Last Saturday we joined some friends at Dufferin School community garden to continue our lessons with Traditional gardener Audrey Logan. It was bean week in accordance to our moon cycle schedule but still to early to plant seeds. Audrey uses the night-time temperatures to gauge planting times. In the oral tradition, these are refered to as old or young woman. Morning temperatures must be like the old woman (double digits) for a week to ten days in a row before it’s safe for seedlings. Upon inspecting the condition of the soil and doing a worm count in the mound and raised bed gardens, it was decided that conditions were not yet right for planting. We learned a little about actual Beans; when left on the vine they can plant themselves.
The Bean seed pod hardens with the end forming a sharp point, if left alone the pods force themselves into the ground where they soften and release the seeds. The softening process takes enough time to ensure the seeds don’t germinate to early. We then turned to the important topic of insect life in the garden, specifically pollinators. Insects need a reliable habitat to flourish this is why traditional methods employ year round mulching and stalks from last years plants are left in place. Thus providing food and shelter to over wintering eggs and pupa. Spring can be a time of hardship for emerging insect populations especially in a world with unpredictable weather due to climate change. First nation gardeners would traditionally leave some fallen fruit for early pollinators to live on until flowering plants begin blooming. With the neat and tidy yards found in most urban centers, these early risers often suffer. Audrey recreated the fallen fruit by freezing bits of fruit waste over the winter, now in spring they are thawed and laid on mats made of available green leaf growth right in the garden. This will provide nourishment for valuable pollinators such as moths and butterflies and encourage them to stay around the garden. Birds are also strongly affected by a sort of “famine” during early spring, as birds migrate to nesting grounds and forests, where they may have found food in the past, the city habitat doesn’t provide it. We hung suet seed balls to support any feathered visitors who may drop by.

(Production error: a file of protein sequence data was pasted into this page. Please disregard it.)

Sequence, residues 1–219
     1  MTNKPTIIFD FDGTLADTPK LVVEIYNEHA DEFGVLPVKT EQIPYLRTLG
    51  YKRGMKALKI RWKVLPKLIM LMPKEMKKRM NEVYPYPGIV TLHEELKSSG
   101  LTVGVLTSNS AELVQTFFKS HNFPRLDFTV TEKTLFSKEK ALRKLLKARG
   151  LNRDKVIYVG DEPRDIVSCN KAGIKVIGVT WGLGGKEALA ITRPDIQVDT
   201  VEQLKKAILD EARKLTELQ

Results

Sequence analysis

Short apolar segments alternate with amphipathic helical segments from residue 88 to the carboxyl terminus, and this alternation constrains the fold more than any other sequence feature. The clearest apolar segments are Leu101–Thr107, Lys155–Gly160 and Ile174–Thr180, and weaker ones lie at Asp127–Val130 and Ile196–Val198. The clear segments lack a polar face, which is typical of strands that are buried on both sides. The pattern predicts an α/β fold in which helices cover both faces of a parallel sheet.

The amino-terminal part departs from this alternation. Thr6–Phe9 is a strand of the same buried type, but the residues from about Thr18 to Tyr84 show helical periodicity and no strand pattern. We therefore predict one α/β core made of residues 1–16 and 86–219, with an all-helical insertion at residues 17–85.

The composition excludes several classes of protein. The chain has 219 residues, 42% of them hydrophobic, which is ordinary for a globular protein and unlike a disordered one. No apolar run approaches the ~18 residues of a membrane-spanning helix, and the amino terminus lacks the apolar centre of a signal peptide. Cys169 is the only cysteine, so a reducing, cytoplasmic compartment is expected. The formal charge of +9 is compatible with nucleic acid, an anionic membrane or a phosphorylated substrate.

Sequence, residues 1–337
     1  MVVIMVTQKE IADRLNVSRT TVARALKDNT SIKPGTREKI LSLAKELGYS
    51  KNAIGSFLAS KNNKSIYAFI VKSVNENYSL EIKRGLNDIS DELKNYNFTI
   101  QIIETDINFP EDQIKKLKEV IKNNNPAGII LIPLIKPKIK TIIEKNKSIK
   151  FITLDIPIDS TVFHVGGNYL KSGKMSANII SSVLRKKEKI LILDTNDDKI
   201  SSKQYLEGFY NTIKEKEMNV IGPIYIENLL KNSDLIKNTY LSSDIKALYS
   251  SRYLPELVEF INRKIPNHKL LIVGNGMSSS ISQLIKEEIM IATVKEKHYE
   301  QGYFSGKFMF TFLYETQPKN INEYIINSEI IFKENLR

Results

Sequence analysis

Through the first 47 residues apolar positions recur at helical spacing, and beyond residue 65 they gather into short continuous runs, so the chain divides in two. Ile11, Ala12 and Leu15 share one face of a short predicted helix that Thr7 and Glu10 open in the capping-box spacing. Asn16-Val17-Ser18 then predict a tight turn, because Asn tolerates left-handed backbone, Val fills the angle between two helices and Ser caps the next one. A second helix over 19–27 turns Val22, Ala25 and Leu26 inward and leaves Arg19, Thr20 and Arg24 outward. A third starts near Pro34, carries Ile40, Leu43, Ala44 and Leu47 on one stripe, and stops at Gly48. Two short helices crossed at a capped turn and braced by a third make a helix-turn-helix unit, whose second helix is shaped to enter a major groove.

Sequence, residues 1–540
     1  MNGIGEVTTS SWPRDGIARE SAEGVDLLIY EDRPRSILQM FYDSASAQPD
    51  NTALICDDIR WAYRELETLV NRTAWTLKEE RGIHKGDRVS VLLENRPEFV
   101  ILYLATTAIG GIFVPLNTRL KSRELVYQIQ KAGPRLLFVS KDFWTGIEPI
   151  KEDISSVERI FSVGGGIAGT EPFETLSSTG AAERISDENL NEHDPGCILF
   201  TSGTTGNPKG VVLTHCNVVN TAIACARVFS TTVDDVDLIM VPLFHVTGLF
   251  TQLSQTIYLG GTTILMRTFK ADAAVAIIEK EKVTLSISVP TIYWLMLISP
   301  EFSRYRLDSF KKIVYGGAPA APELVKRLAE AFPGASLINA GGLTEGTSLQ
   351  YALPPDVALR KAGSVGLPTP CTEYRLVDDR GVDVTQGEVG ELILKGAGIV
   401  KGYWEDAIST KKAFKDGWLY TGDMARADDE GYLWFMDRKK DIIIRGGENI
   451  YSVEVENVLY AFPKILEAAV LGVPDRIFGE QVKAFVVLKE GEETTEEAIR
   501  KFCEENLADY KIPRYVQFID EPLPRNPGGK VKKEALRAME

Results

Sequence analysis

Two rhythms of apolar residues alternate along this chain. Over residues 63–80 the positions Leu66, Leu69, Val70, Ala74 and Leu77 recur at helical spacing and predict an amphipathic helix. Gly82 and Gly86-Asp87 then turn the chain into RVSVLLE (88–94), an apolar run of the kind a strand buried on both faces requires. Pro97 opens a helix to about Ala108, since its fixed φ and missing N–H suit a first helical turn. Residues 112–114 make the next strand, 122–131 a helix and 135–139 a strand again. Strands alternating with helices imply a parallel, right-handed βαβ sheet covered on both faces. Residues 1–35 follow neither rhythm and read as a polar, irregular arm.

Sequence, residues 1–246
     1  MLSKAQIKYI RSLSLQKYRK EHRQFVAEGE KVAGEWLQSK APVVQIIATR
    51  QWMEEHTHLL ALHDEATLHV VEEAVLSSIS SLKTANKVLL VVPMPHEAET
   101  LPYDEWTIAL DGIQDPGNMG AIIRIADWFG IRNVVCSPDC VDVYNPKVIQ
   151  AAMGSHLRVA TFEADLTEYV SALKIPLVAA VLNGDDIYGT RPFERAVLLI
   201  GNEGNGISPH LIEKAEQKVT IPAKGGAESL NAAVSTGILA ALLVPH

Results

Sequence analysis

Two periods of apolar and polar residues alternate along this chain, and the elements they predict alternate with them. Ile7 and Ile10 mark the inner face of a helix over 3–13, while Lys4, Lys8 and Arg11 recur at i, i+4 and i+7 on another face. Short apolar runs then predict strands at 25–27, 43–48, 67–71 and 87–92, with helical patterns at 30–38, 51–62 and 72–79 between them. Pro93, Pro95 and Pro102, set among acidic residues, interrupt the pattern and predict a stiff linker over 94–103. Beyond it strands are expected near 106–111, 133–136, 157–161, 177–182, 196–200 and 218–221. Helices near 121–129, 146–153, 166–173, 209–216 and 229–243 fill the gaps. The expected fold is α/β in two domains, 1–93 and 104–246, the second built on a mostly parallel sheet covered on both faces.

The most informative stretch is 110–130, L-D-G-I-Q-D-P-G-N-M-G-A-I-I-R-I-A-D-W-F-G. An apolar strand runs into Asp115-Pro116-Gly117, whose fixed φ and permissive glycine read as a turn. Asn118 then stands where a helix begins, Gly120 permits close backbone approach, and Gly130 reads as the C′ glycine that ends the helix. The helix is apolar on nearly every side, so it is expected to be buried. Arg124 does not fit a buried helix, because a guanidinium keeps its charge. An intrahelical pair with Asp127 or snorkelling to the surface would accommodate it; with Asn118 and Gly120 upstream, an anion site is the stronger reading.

Next we turned our hand to re-mulching, by transferring leaf material using Antler tools, which turned out to be quite effective. Audrey also discussed which plants make insect repellents and why, but we’ll save that for next post. As always feel free to question or comment on any of our posts and please tune in again.